Drotek releases first L1 RTK GNSS compatible with PixHawk (ArduPilot/PX4)

Dear Community,

Drotek, French tech start-up is proud to release its L1 RTK GNSS ! RTK technology allows to enhance GNSS positioning and to go down to centimeter level precision.

We have seen a lot of RTK boards coming up. However we have witnessed no good integration for the UAV segment and no performance enhancement in difficult environments.

This is why we decided to develop a solution to cope with these issues. Drotek is specialized in electronic design for UAVs and has put all its expertise in designing this board, jointly with French National Center for Space Studies (CNES) and French Institute for Aeronautics and Space (ISAE).

What is RTK for?

RTK technology uses corrections from a second GNSS receiver (called “base”, the other mobile receiver is called “rover”) in order to correct errors that lead to meter level precision. It has been used for a long time by surveyors, but at a very high cost. Today we want to trivialize this technology.

Our two years spent on developing this product have led us to focus on several points, such as connectivity, signal quality, EMI, real-time, etc...

We have compared our system’s performance with dual frequency receivers (in blue, Rover : Septentrio AsteRx 3 L1/L2 + Novatel geodesic antenna in RTK with base Trimble NetR9 + TRM59800), and it is pretty astonishing!

RTK works well in clean open-sky environments, but we like to test our device in difficult scenarios. Urban canyon is stil a pipe dream, but some route on ground robot in medium-hard environment (buildings, trees…) gives pretty good results :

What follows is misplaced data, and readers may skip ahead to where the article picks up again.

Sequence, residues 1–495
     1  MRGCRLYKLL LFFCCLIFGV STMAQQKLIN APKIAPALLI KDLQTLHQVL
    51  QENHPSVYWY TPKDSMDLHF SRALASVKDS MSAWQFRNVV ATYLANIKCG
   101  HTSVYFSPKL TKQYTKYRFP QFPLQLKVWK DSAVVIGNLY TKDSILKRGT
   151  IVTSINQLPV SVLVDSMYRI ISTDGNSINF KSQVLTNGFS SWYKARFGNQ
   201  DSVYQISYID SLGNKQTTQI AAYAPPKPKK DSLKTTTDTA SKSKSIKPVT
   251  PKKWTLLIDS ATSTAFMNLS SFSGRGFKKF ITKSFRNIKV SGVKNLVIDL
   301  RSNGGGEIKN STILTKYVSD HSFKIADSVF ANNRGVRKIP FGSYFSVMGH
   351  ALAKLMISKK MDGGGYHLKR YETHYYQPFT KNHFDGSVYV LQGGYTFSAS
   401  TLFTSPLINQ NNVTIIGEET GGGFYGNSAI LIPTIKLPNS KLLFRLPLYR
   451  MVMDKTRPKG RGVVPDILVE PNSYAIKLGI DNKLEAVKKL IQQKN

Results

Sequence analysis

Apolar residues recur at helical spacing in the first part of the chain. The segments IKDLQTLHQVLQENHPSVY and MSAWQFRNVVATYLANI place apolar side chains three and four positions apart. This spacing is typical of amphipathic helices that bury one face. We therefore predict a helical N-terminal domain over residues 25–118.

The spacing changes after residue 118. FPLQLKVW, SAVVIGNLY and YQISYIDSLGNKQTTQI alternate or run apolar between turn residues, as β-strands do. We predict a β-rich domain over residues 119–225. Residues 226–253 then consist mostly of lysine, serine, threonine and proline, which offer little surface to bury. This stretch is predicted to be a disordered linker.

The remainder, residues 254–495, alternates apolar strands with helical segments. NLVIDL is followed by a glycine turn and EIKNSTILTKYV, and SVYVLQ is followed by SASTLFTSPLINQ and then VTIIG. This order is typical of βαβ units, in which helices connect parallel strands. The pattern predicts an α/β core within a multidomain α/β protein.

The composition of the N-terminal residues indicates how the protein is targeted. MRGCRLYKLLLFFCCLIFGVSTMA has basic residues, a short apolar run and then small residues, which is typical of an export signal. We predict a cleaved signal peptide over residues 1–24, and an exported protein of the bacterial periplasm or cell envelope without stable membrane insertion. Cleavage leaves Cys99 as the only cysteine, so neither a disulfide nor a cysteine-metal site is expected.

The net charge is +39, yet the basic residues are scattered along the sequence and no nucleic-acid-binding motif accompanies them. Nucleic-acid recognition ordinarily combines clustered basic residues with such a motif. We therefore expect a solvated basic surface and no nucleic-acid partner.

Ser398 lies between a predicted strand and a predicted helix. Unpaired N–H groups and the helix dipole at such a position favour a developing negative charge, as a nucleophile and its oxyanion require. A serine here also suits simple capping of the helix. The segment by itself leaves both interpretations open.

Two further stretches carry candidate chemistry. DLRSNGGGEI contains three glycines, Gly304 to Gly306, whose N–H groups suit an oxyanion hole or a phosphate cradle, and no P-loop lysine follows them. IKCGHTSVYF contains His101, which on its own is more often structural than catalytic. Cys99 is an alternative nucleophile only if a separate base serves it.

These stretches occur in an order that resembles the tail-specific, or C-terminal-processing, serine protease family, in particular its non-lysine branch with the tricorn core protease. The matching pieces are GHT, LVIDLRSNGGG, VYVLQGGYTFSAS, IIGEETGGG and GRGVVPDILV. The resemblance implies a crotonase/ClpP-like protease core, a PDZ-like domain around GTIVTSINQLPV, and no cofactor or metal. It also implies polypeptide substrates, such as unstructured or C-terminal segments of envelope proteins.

Comparison between single GPS (red) and RTK : have a look at the left side under the tree. Single position gets highly contaminated by multipath, whereas the big ground plane and the Tallysman antennas filter it quite well :

Comparison between RTK Drotek (orange) and another open-source RTK solution (yellow) :

Base correction data can be sent through serial port with 3DR Radio types but also through cabled or wireless Internet for those want to get rid of range limitations. All drivers and server programs are already in the board. The following table sums up the different possible ways of communication between rover and base.


We are currently developing LoRa based transmitters, hoping that these will fulfill our expectations (we are quite excited about them!). Coming soon.

We truly believe in open-source community, but this board has also been designed to work “as is”. All boards will be delivered flashed and ready-to-use, with really little configuration, mainly for non-advanced users who would wish to get to precision without spending too much time on understanding how it works. Our wiki will explain everything step-by-step, but will also provide support on using RTKLIB graphical tools for post-processing and analyzing data. Do not forget to check our Github, we will publish in it really soon!

All our boards are stamped “Made in France”, we pay a lot of attention to the devices we manufacture in our French factory. Our motto is open source and open hardware, we work this way and we will stay this way. We want sell the atoms not the bits.

The package will be available in our site for pre-ordering. The expected release date is in one month, with a price of 699 € excluding VAT.

Our website is currently being redesigned, hope you will appreciate the new one! There will be plenty of content on how to use all the devices we manufacture, from little sensors to big boards!